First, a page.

If it weren’t for my job I also would not have experienced what it’s like to be a gasoline girl for a few minutes.

Full tank na niyo
Full tank na niyo

I probably would not learn how to ride a bike (yes, I didn’t know how to ride a bicycle until I was in my early 20’s) and drive a Vespa motorcycle if those weren’t required for some stories assigned to me. I tried to have fun whenever I could.

Before Angkas, Grabfood and Foodpanda
Before Angkas, Grabfood and Foodpanda

I discovered my skill at painting after doing a story in Batanes.

My first painting, all the way from Batanes
My first painting, all the way from Batanes

My motivation to learn scuba diving was from wanting to do underwater stories.

Deeper stories
Deeper stories

Because I enjoyed my job, I became good at it. As my career grew, I grew as a person.

But along with growth, I outgrew certain things.

My life as news reporter wasn’t all “rainbows and unicorns.” Confusing times encouraged me to take up graduate studies in Psychology.  Whenever I interviewed crime suspects or disaster victims for television news, I had always doubted myself whether my way of asking questions and getting answers for public viewing was helping or doing harm. I wanted to find answers in the least invasive or offensive way I could, and if possible, help people feel better. I thought that I might learn that from Psychology.

Over the years of delay in schooling, the intention evolved from using Psychology to do my job better, into getting the degree to be able to directly help. I had also yearned having weekends and holidays to spend with my family.

This change caused the balance to tip so I had to rearrange my life to make it work for the new dream. I left news reporting to join a non-profit international medical humanitarian organization, Doctors Without Borders, in my capacity as a communications professional. At the same time, I took it as an opportunity to be exposed to mental health issues in humanitarian crisis – a way towards a long-term goal. It likewise affords me time off to continue my studies and spend time with my loved ones.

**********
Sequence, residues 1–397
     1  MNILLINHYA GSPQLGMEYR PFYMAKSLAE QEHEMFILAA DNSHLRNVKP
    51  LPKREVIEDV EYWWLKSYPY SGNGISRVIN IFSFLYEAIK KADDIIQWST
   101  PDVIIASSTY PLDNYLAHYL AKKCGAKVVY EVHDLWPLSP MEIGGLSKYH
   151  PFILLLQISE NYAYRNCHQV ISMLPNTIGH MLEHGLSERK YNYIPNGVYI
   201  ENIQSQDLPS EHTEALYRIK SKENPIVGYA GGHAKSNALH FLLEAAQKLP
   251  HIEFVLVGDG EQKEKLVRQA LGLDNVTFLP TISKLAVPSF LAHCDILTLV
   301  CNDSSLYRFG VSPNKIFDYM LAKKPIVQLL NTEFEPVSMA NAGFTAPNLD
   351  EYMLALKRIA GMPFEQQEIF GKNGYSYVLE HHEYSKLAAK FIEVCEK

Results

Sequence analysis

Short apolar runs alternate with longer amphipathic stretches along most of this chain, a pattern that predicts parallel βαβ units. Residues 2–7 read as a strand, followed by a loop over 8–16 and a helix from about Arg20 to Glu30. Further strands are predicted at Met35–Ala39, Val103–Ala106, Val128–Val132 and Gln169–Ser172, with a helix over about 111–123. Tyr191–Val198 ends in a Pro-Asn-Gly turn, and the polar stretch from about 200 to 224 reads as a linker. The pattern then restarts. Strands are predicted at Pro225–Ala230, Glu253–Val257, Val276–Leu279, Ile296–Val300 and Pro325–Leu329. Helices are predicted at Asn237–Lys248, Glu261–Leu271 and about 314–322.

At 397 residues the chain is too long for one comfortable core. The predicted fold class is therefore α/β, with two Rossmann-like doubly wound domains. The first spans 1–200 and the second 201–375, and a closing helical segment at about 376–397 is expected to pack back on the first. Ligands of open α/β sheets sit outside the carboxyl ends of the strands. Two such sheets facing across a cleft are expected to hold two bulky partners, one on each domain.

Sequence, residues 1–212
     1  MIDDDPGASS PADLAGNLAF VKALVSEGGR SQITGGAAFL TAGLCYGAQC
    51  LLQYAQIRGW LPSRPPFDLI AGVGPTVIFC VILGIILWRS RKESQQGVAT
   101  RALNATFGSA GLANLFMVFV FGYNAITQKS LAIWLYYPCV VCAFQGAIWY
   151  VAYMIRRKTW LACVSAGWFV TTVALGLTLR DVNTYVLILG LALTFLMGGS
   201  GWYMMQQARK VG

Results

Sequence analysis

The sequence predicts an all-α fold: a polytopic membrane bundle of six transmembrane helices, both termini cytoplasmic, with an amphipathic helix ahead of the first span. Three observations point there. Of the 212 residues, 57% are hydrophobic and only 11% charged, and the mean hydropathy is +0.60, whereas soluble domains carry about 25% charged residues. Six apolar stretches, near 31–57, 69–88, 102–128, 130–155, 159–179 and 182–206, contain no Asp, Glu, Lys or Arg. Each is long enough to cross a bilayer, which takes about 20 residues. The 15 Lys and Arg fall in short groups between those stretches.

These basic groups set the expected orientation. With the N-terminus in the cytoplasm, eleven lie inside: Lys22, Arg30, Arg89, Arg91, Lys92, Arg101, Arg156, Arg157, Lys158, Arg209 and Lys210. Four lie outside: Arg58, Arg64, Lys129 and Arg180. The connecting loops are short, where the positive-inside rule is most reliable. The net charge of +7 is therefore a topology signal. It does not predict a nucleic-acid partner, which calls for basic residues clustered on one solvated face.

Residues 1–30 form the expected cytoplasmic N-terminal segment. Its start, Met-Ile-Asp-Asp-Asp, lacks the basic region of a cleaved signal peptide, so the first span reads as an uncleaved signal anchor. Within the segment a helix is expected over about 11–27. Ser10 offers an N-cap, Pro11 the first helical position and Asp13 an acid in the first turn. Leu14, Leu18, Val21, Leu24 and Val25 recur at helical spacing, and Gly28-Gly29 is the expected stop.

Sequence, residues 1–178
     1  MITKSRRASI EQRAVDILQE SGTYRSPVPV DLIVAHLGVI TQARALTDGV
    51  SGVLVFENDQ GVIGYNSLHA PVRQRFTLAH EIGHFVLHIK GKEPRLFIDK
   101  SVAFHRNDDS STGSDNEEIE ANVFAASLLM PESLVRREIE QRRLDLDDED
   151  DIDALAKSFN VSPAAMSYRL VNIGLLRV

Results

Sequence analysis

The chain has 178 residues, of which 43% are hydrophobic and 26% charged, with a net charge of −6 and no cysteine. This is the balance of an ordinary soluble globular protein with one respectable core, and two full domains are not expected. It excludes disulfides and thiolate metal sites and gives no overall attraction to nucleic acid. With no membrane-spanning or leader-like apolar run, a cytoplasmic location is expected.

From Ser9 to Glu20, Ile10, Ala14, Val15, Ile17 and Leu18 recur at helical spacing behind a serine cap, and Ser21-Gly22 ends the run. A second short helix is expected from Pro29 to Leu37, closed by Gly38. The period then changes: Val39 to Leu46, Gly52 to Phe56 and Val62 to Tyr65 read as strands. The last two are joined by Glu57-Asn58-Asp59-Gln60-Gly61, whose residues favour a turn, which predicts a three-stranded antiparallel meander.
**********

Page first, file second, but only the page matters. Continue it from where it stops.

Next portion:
I was asked what advice I would give to those seeking balance. I say, don’t seek it. Balance is not a goal but a way towards goals. Instead of chasing balance, seek meaning and purpose. Maybe, it would help you discern what endeavours are important to you so you can focus on them.

[Entry 274, The SubSelfie Blog]

About the Author:

Subselfie - Tricia

Tricia Zafra is a humanitarian worker. After 11 years of working as a broadcast journalist, she joined Médecins Sans Frontières (Doctors without Borders) as Communications Officer. She is taking up her Master’s Degree in Psychology in the University of the Phlippines, Diliman. She is a vegetarian, a painter, and a certified open water scuba diver; 2018 OFW Gawad Parangal Outstanding Field Reporter; 2016 OFW Gawad Parangal Favorite Female TV Newscaster; 2016 Certificate of Creative Excellence recipient of the US International Film and Video Festival Awards; 2014 Best Culture-Based TV Reporter of NCCA’s 1st Gawad Sagisag Kultura ng Filipino Awards, and; 2012 Plaque of Recognition recipient of the 4th National Statistics Month Media Awards. BA Broadcast Communication (cum laude) 2007, UP Diliman. Read more of her articles here.

Advertisements

Leave a Reply

Fill in your details below or click an icon to log in:

WordPress.com Logo

You are commenting using your WordPress.com account. Log Out /  Change )

Google photo

You are commenting using your Google account. Log Out /  Change )

Twitter picture

You are commenting using your Twitter account. Log Out /  Change )

Facebook photo

You are commenting using your Facebook account. Log Out /  Change )

Connecting to %s

This site uses Akismet to reduce spam. Learn how your comment data is processed.